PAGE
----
IT WAS a superb week for Spanish club Atletico Madrid. After their footballers trounced Chelsea to win the UEFA Super Cup, the handball side overcame defending champions THW Kiel of Germany 28-23 to lift the International Handball Federation’s (IHF) Super Globe trophy at the Al Gharafa Indoor Hall.
BM Ciudad Real, who were taken over by Atletico Madrid, had lost to the German team 25-28 in the final last year.
As the Spaniards exacted revenge, they bagged their third title from four consecutive final appearances, while THW Kiel’s second straight title clash ended in disappointment.
Host team Al Sadd defeated Egypt’s Zamalek 32-26 to finish third while Qatar’s other entry, Emir’s Cup champions El Jaish ended up fifth.
Qatar, host of the ’15 IHF Men’s World Championship, also had something to cheer for. The elite club tournament, which has put the country on the global handball map, was impeccably organised. In fact, the IHF is keen to extend the contract by another three years, once the present one runs out in ’13.
Meanwhile, the IHF’s Ordinary Congress has been scheduled to be held in Doha in October next year. Elections to the world body’s top positions will be held then.
But even as the dust settles down on yet another example of Qatar’s organisational prowess, one cannot help but introspect whether the competition genuinely improved the domestic game.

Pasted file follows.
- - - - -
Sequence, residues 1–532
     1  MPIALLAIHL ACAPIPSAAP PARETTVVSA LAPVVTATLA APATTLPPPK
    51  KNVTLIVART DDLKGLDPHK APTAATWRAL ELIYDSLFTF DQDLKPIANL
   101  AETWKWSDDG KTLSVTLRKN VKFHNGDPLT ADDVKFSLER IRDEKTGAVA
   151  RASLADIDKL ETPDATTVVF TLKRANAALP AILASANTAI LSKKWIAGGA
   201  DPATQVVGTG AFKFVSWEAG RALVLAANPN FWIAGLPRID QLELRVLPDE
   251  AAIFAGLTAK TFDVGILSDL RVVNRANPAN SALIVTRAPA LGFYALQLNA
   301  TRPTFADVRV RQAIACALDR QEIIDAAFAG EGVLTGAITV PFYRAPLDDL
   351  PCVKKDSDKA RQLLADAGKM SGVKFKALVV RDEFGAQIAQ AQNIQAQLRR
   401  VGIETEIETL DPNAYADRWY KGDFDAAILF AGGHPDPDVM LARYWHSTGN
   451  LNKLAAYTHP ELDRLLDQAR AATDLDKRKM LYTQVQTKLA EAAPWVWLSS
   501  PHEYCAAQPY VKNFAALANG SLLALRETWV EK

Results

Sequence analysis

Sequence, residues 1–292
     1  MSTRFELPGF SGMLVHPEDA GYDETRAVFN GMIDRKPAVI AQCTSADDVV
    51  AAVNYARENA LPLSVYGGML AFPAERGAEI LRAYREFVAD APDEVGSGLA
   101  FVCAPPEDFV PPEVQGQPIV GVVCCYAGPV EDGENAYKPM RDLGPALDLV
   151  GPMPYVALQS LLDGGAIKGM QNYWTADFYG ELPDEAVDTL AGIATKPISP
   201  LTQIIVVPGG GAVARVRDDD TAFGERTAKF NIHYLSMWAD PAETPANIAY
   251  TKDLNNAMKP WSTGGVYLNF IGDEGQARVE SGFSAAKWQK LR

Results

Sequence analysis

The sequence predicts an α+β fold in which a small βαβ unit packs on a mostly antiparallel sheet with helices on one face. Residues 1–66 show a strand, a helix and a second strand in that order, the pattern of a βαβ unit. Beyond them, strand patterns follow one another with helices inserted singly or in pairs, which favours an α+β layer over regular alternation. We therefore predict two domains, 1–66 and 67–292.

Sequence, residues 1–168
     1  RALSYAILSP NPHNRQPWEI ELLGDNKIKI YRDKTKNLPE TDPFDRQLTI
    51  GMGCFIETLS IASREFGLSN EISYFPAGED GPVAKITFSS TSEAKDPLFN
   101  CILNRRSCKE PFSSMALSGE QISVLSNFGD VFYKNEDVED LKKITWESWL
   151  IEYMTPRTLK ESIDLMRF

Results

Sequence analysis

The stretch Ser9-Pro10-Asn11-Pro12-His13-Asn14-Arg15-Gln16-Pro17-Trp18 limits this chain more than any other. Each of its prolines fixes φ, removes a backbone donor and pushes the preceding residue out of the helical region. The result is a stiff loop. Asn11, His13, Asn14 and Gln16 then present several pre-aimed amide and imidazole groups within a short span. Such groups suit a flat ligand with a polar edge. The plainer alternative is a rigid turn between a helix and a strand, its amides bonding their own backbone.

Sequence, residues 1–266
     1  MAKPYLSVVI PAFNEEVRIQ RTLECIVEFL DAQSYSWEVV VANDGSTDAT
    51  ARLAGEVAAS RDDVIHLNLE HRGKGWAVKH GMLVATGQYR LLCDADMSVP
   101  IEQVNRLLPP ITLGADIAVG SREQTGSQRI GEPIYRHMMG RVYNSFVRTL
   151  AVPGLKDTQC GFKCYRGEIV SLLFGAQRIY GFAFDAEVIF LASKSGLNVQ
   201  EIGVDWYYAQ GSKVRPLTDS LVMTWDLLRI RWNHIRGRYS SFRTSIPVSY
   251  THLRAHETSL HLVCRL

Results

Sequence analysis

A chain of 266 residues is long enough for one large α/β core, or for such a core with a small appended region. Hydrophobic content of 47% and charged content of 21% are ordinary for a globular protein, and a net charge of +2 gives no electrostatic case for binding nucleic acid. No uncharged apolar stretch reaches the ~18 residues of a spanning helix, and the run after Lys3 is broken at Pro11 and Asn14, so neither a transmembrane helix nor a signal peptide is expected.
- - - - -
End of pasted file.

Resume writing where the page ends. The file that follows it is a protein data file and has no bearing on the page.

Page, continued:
Qatar’s both teams had seven professionals each in their ranks. While Sadd recruited them all from French powerhouse Montpellier, Jaish went for a mixture of Croatians and Macedonians, drawing flak from international observers.
“Earlier this year, the IHF limited the number of professional players, on short-term contracts of two months each, to three per team at the Super Globe. Qatari teams circumvented the decision by signing three players on short-term contracts and four others for two months and a day each. Technically, they didn’t break any rules. But I can’t say it helped improve the tournament’s credibility,” said an IHF insider, on condition of anonymity.
But IHF President Dr Hassan Moustafa defended the teams’ decisions.
“One should admit the game is very advanced in Europe. Had we further restricted the number of professional players, non-European teams would’ve suffered. Professionals were necessary to ensure a level playing field. Who would like to see European clubs clobber their opponents by 20 to 25 goals?” he asked.
However, Farouk Dehili, coach of Asian champions Mudhar of Saudi Arabia, begged to differ.
“I don’t buy that argument. Our team consisted only of local players and we were still competitive. Our biggest loss was by 11 goals, to Kiel. The margin of defeat in other matches was less than five. Our players motivated each other to do better. At times, I felt the tournament favoured rich teams,” he said.
No French side has ever played in the Super Globe. But players from that country were conspicuous by their presence this year as seven from Montpellier donned the Sadd colours. That made at least some observers feel Qatar was playing soft sports diplomacy.
In January, ’11, the country had surprisingly beaten favourites France, Poland and Norway to the hosting right for the ’15 Worlds, making the Frenchmen — reigning European, Olympic and world champions — feel they were let down.
But the overwhelming French presence in Doha, including that of the nation’s handball federation president Joel Delplanque, suggests they have moved on.